Minneapolis Honey Bee Report 2016

July 28, 2016

From: City of Minneapolis

This report summarizes the results of a survey for 57 honey bee hive permit holders in the City of Minneapolis. The survey occurred between January and May 2016 to determine the number of honey bee colonies and extent of threats posed by the parasitic mite, Varroa destructor.

Understanding the issues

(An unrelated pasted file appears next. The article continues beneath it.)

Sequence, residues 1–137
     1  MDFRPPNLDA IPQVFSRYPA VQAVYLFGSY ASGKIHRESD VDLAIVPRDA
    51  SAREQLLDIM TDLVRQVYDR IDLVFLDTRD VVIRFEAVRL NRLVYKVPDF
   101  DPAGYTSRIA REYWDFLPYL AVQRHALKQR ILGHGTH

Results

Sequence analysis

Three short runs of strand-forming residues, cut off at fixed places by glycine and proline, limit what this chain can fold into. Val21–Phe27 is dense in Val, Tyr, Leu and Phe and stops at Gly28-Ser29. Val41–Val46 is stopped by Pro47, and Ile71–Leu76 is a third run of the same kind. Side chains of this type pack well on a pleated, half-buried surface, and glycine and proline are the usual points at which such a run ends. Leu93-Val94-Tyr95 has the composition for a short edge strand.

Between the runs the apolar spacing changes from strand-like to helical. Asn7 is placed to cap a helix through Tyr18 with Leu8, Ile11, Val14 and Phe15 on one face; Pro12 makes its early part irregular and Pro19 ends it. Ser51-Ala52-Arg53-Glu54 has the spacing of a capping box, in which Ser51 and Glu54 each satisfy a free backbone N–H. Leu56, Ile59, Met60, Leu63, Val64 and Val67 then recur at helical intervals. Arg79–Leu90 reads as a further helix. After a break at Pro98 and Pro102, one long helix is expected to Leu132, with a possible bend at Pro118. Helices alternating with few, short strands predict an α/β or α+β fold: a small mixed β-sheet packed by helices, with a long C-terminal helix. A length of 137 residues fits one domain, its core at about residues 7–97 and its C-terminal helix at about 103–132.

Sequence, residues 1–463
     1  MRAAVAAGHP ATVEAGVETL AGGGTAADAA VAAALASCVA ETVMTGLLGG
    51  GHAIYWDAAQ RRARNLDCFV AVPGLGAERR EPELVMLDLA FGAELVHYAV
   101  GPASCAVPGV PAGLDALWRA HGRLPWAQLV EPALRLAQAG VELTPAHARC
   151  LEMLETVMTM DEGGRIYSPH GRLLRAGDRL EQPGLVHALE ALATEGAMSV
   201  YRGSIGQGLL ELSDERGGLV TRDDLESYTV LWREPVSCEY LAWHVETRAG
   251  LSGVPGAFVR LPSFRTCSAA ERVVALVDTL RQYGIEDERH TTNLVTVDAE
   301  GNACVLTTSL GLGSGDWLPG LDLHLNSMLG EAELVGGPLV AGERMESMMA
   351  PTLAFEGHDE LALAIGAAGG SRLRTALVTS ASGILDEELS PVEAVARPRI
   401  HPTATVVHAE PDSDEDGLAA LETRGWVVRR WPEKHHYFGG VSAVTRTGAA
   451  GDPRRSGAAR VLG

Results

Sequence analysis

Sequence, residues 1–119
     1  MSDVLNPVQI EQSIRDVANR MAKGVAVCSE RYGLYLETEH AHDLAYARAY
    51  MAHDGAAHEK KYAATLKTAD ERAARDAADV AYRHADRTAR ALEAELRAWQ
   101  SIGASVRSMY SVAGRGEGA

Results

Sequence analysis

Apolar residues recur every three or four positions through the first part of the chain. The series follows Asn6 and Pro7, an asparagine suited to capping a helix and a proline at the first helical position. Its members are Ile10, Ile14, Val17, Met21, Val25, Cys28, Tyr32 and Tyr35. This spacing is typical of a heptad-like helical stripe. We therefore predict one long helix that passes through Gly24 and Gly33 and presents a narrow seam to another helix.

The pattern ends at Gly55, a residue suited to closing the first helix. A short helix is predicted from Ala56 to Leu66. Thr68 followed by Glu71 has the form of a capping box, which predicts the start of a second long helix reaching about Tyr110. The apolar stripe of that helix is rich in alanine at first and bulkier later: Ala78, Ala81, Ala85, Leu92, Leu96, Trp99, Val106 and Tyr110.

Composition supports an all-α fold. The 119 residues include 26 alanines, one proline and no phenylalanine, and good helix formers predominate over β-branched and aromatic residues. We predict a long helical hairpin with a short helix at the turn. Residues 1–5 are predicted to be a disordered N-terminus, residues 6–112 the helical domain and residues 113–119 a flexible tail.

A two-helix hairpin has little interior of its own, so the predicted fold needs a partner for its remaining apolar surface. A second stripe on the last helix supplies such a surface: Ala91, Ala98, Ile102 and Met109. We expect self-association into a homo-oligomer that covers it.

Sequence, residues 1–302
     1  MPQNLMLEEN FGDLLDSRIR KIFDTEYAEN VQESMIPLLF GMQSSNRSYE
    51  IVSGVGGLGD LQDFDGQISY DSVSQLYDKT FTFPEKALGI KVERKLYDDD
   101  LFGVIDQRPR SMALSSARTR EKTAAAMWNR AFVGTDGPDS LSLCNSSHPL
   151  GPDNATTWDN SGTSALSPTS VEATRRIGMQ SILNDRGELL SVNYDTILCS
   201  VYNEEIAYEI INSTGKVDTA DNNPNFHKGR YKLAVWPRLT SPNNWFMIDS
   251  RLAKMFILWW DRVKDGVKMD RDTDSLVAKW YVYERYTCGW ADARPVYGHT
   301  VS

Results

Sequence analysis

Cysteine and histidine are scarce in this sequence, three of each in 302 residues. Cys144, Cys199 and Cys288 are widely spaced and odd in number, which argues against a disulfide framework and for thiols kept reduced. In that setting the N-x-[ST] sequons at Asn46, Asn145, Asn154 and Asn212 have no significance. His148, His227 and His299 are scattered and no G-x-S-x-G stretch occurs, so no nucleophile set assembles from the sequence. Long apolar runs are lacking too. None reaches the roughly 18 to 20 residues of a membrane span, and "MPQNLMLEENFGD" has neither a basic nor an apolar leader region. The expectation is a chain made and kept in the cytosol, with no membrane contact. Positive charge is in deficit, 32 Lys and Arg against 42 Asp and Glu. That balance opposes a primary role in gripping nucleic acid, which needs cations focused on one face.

Varroa are a pest to honey bees present in most colonies in the United States. When not properly managed, they contribute to colony losses. Varroa are external parasites that feed on developing and adult bees. Damage to the bees occurs because of this feeding and because the mites are vectors of many viruses. Varroa are visible to the naked eye and are related to ticks. Mites spread from colony to colony on drifting or robbing bees. Drifting occurs when beehives are close to each other and bees inadvertently enter a hive that is not their own, whereas robbing occurs when foragers enter a hive that is not their own to steal honey. Early detection of Varroa through alcohol or powder sugar roll tests is the key to healthy honey bee colonies.

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